A federal judge rejected a plea agreement Monday that would have averted a hate crimes trial for one of the men convicted in the killing of Ahmaud Arbery.
U.S. District Judge Lisa Godbey Wood ruled against the agreement made with Travis McMichael after hearing an emotional plea from Arbery’s family who was opposed to the plea arrangements with McMichael and his father, Greg McMichael.
In rejecting the deal, Wood explained it would have locked her into specific terms –including 30 years in federal prison – at sentencing. Wood said that in this case, it would only be appropriate to consider the family’s wishes at sentencing, which the proposed deal wouldn’t allow.
The judge gave the McMichaels until Friday to decide whether they move ahead with pleading guilty. Wood had yet to rule on father Greg McMichael’s proposed deal.
Arbery’s father, Marcus, told reporters outside the federal courthouse in Brunswick that he’s “mad as hell” over the deal, which lawyer Lee Merritt, who is representing the family, said could enable Travis and Greg McMichael to spend the first 30 years of their life sentences in federal prison, rather than state prison where conditions are tougher.
“Ahmaud is a kid you cannot replace,” Arbery said. “He was killed racially and we want 100% justice, not no half justice.”
Wanda Cooper-Jones, Ahmaud Arbery’s mother, said the U.S. Justice Department’s decision to propose the plea deal despite her objections was “disrespectful.”
“I fought so hard to get these guys in the state prison,” she said. “I told them very, very adamantly that I wanted them to go to state prison and do their time. … Then I got up this morning and found out they had accepted this ridiculous plea.”
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Merritt said the deal would allow the McMichaels to serve the first 30 years of their sentence in federal prison, which he called “a huge accommodation” because federal prisons are generally less crowded, better funded and safer, according to the statement posted online.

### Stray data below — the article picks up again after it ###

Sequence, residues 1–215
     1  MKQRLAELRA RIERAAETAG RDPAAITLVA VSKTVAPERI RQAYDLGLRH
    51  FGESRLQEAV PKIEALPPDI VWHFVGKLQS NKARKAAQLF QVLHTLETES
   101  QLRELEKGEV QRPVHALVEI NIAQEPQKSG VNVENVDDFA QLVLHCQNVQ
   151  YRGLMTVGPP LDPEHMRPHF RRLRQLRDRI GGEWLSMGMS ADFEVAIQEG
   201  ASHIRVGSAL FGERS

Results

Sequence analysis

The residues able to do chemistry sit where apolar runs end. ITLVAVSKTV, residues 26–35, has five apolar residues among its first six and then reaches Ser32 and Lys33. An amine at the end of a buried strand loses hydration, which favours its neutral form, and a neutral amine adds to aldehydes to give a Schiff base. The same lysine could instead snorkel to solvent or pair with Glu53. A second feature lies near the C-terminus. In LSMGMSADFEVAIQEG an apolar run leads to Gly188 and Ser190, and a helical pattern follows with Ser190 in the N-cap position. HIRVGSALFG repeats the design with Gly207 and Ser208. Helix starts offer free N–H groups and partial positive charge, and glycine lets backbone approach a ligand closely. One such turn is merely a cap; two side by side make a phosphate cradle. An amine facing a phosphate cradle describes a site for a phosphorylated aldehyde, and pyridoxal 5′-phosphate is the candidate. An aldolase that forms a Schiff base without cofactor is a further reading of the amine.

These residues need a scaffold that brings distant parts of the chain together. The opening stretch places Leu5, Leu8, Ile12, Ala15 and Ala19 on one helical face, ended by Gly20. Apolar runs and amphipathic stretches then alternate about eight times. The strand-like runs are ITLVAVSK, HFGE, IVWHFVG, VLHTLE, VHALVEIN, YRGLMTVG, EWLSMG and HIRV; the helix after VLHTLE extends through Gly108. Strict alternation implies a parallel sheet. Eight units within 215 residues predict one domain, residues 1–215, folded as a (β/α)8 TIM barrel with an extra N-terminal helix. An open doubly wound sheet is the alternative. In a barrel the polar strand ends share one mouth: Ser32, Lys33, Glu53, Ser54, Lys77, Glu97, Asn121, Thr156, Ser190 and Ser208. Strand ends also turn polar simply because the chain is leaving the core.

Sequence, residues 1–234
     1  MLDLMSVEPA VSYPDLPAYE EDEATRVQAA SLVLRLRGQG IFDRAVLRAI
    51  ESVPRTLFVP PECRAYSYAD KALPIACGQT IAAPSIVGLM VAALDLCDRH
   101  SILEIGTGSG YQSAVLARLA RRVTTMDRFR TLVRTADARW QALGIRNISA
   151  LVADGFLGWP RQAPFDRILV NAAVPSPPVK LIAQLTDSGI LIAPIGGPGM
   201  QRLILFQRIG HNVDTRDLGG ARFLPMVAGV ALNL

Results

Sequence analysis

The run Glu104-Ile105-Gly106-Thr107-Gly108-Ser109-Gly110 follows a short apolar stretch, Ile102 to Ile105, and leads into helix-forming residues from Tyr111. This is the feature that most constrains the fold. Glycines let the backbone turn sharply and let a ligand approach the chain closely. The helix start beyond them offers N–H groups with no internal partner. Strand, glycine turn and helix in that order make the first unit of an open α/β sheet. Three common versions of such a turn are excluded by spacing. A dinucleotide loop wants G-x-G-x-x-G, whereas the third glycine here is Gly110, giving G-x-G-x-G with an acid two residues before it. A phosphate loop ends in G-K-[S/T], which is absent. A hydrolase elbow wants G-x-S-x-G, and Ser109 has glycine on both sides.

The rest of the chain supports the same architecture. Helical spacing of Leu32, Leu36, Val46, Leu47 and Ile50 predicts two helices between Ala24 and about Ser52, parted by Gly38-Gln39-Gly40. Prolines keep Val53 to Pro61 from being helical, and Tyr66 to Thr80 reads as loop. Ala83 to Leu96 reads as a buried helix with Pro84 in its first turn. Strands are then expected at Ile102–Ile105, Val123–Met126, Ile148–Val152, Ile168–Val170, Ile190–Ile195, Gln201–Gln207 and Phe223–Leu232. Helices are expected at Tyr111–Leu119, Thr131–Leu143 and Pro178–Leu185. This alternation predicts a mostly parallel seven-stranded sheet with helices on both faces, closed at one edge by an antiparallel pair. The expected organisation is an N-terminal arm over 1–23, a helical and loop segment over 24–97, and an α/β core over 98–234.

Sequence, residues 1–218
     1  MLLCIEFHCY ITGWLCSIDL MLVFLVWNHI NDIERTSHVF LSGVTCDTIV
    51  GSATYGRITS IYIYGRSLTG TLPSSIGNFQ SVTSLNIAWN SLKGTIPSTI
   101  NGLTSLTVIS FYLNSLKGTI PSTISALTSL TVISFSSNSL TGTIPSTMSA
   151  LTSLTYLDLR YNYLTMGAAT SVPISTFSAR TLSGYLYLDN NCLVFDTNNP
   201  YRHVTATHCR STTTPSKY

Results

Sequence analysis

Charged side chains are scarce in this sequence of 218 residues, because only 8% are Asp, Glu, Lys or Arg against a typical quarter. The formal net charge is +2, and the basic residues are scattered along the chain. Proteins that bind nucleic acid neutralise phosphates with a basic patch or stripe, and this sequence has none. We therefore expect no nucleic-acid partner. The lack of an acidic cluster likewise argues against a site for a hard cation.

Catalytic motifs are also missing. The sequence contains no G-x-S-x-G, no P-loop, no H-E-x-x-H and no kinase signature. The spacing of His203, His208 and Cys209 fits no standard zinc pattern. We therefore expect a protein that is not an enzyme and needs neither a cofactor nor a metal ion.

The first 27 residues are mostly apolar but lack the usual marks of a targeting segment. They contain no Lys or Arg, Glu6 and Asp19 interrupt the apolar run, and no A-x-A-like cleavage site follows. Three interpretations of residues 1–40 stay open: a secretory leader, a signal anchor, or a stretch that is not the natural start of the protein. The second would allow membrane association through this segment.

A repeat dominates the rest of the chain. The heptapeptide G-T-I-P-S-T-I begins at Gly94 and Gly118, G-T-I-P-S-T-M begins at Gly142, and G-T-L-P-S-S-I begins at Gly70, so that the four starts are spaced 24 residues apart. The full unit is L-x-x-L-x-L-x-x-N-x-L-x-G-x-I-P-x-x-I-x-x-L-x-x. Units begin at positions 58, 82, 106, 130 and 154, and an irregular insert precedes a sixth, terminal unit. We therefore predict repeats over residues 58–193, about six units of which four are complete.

Kristen Clarke, an assistant attorney for the civil rights division of the U.S. Department of Justice, said prosecutors respected the judge’s decision. She said prosecutors worked with the Arbery family and “entered the plea agreement only after the victims’ attorneys informed me that the family was not opposed to it.”
“The Justice Department takes seriously its obligation to confer with the Arbery family and their lawyers both pursuant to the Crime Victim Rights Act and out of respect for the victim,” Clarke said. “Before signing the proposed agreement reflecting the defendants’ confessions to federal hate crimes charges, the Civil Rights Division consulted with the victims’ attorneys.”
Merritt, in an interview with USA TODAY, said that was a “misrepresentation” of the discussions and said the family wanted no part of any plea deal. He said the family wasn’t as concerned with the federal trial due to the men already being convicted in state court, which carried the heaviest charges and consequences.
The family never saw the terms of the deal and wasn’t aware it would interfere with their sentences in state prison, he said.
Lead federal prosecutor Tara Lyons acknowledged the miscommunication in court Monday, and said she understood the Arbery family’s pain and struggle and the “distrust they feel with law enforcement and the justice system,” but she said she supports the agreement and believed it would allow “some healing to begin.”